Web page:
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Re-think of side road junction layouts needed to ensure priority for pedestrians

Lucy Marstrand
14 October 2019
Figure 1: Side road, Bournemouth
Figure 1: Side road, Bournemouth
Figure 2: Side road with refuge, Bournemouth
Figure 2: Side road with refuge, Bournemouth
Figure 3: Blended footway, Wimbledon
Figure 3: Blended footway, Wimbledon


The other day I saw a heavily pregnant woman walking across a side road junction. About a third of the way across, a motorcyclist turning off the main road beeped her out the way, and she managed to step back just in time. I saw a similar incident earlier the same day. A woman with a pushchair crossing the side road, quickly reversed back onto the footway as an HGV turned into the side road, the driver again assuming priority.

This scenario is no doubt repeated a thousand times a day across the UK. The least powerful giving way to the most powerful. 

Highway Code Rule 170 says drivers should “watch out for pedestrians crossing a road into which you are turning. If they have started to cross they have priority, so give way”. But who’s going to argue with a turning motorist? 

The side road is probably the most important aspect of highways design to get right. If people can’t proceed along a footway swiftly, in comfort and safety, then walking from A to B is severely limited. 

The way we design our side roads has a huge impact on the lives (and deaths) of people walking. Yet standard UK side road design makes us wait, give way or walk round, marginalising those on foot. 

Traffic remains the leading cause of death for children aged 5 to 19 in the UK (J Read, iWalk, 2017). And that’s just road danger, not pollution. Many of these deaths occur at side road junctions. British children are more likely to be killed than French or Dutch children even though they have less exposure to traffic and cross roads less frequently (Pedestrians and Cyclists, European Commission, 2018).

Our failure to ensure side road priority leaves pedestrians at the mercy of turning drivers. Children are less able to judge speeds or make eye contact to negotiate with drivers in the way adults do. Children, those who are slower, older, less able-bodied, or encumbered with shopping – are all left to fend for themselves because of highways convention.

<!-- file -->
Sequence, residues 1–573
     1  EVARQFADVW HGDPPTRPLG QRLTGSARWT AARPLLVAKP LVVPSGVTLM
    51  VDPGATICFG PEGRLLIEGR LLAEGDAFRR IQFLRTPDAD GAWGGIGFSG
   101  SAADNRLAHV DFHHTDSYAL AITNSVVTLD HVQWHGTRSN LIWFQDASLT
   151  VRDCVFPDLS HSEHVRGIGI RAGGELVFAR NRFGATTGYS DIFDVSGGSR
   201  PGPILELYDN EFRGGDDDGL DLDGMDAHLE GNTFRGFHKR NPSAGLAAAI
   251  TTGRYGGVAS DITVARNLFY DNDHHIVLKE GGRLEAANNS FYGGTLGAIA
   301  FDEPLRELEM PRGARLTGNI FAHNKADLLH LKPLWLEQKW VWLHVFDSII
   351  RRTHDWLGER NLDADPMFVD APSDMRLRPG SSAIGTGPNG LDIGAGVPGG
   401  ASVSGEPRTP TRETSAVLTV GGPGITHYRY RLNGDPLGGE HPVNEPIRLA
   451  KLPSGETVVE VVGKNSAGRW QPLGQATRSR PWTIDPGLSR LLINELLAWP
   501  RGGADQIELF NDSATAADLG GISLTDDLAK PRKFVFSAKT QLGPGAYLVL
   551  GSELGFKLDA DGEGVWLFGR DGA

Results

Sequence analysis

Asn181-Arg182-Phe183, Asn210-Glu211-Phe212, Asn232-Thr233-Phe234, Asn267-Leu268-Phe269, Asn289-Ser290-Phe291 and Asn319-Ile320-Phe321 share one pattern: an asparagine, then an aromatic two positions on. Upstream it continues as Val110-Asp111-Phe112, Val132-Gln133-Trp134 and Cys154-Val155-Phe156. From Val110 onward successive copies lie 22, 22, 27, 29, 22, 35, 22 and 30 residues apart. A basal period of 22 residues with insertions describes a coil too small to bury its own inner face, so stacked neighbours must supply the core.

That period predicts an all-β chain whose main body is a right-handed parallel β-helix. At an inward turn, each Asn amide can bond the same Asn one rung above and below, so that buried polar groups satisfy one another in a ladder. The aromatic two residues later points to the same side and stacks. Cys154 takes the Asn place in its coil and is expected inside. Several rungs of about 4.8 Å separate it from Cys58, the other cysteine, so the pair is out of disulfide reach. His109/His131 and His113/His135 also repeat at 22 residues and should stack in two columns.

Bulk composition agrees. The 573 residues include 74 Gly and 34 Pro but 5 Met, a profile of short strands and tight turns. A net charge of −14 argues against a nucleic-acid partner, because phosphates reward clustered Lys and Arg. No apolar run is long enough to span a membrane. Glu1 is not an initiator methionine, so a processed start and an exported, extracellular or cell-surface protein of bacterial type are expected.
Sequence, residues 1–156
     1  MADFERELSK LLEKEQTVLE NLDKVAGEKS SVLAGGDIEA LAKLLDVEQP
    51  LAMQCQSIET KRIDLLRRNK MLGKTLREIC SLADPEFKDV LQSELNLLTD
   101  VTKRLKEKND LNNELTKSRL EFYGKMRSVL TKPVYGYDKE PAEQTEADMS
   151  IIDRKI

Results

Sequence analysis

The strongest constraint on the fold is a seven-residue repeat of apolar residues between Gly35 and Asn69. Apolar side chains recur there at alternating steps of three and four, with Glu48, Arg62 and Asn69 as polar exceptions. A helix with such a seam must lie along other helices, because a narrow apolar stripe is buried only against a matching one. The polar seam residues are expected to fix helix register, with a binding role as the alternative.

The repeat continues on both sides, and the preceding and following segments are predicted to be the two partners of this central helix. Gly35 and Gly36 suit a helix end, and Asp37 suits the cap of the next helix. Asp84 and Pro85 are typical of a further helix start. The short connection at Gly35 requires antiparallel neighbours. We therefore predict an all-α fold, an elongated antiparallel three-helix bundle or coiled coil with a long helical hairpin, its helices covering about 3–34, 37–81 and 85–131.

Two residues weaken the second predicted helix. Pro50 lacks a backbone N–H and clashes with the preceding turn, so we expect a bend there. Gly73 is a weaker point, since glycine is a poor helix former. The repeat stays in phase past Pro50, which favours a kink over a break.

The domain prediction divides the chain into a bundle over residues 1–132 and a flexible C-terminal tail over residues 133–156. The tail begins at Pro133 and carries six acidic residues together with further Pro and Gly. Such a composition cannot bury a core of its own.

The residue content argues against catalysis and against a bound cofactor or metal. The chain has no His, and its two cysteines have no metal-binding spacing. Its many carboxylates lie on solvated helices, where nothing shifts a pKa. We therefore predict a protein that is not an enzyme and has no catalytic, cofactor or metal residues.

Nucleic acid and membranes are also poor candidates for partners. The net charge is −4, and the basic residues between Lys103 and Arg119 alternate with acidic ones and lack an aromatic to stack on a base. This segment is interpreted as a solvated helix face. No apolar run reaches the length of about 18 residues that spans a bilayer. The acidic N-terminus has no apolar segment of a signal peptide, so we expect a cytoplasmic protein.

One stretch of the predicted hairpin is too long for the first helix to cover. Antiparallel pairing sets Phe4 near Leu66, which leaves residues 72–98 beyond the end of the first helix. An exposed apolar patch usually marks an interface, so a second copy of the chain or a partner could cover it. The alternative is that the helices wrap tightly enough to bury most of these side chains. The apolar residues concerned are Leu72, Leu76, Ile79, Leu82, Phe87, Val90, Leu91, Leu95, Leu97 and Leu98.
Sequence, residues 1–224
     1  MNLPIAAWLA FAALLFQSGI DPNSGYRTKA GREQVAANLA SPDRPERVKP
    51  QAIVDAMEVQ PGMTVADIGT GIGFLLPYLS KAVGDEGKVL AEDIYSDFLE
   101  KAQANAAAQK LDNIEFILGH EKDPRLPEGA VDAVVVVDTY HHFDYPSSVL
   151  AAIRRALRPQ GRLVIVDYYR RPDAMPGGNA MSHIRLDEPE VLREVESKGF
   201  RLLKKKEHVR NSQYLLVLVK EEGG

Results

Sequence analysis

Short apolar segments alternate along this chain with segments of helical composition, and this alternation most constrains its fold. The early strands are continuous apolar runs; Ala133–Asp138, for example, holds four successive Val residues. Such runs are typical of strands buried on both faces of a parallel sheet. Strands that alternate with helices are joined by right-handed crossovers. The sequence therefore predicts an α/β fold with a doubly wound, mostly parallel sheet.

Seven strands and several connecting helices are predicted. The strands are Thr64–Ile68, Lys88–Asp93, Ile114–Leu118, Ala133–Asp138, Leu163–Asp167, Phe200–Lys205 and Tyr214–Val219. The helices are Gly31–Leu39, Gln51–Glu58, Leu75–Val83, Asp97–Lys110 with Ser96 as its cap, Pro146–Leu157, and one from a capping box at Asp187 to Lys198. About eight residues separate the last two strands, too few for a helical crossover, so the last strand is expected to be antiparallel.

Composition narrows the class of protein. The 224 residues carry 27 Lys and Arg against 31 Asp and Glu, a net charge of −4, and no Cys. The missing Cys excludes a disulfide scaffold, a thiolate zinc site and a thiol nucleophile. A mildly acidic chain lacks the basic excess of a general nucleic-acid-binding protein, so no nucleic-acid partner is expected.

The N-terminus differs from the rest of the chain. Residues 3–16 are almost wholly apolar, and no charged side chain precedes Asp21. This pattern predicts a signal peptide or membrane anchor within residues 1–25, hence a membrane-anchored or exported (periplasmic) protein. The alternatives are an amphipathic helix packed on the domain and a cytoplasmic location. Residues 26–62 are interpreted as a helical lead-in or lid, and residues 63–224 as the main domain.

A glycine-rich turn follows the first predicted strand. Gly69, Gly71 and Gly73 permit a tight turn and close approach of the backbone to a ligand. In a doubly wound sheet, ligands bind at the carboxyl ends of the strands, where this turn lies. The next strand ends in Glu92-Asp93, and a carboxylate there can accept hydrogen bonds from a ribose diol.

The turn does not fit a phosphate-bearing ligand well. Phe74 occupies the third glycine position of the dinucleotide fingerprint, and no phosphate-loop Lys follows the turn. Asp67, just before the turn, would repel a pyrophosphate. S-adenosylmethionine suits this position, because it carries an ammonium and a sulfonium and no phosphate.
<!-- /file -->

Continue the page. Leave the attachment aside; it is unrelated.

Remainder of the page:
Pictured left are three examples of standard side road – none of these designs are neutral. They all undermine Rule 170 by giving priority to the car.

In Figure 1, the pedestrian pushing a pushchair deviates to cross at a less hostile, narrower point. Note how the tactiles in this case become academic.

Figure 2 shows a refuge – a feature that does nothing to give priority, and leaves people stranded between two streams of moving, polluting traffic.

In Figure 3, engineers have tightened the corner radii, introduced granite setts, and included a raised table to “encourage drivers to slow down”. Despite theses changes, the design (or visual) priority remains with the turning traffic, in part due to the kerb line and double yellows which follow the line of travel taken by a driver.

So, why is poor side-road design the norm? We don’t have to leave it to the whim of the driver as to whether they give way. Highways engineers have it in their gift to ensure drivers cede to pedestrians.

There are four elements of side-road junction design which indicate who has priority:

  1. Kerb-line. If it follows the turning path of the motorist, the kerb line creates a clear visual clue that movement of drivers takes priority over the direction of travel of those proceeding on foot.
  2. Give-way markings. If they are on the edge of the main carriageway, for the convenience of the driver, it means pedestrians end up walking around the back of vehicles turning out of the side road (see Figure 3). It sends a message that the pedestrians desire line is secondary to the drivers. 
  3. Levels. Are they designed for the ease, comfort and priority of the pedestrian or the motorist? 
  4. Last and most important: Territory. In the images of junction design, in all three examples, the space between the footway is carriage-way for drivers, not a priority space for those on foot. The side road junction is a space which must be crossed and negotiated while ceding to turning drivers. It is all vehicle territory. 

There are two solutions that give some territory back to pedestrians. First, a continuous footway that gives clear visual priority to people walking – used to great effect as standard practice for decades in places like Copenhagen. While some disability groups have called for them to be used more widely, others have expressed concern that tactiles are needed to make people aware it’s a crossing point. But a well-designed continuous footway isn’t a crossing point for the pedestrian, it’s footway space that drivers have the privilege to cross. 

A second option is a side road zebra that gives legal priority to people walking. (And I mean zebras on the desire line of those walking, not set back to a point that’s convenient for turning drivers):

Walking should be the easiest, most fundamental and inclusive method of travel. A well-designed side road can save lives. It affords children independence by offering them some priority over adults in cars. The Highway Code is being reviewed. I hope it will see a strengthening the rights of pedestrians. Unless highway design starts to comprehensively prioritise those on foot, the renewed Highway Code will be ineffective too. 

Side road zebras and continuous footways need to be rolled out on all urban side roads to become not the exception but the norm. 

Lucy Marstrand is a transport planning consultant specialising in walking, cycling and traffic reduction. She is a member of the DfT’s Cycling & Walking Infrastructure Group and Road Danger Reduction Forum.

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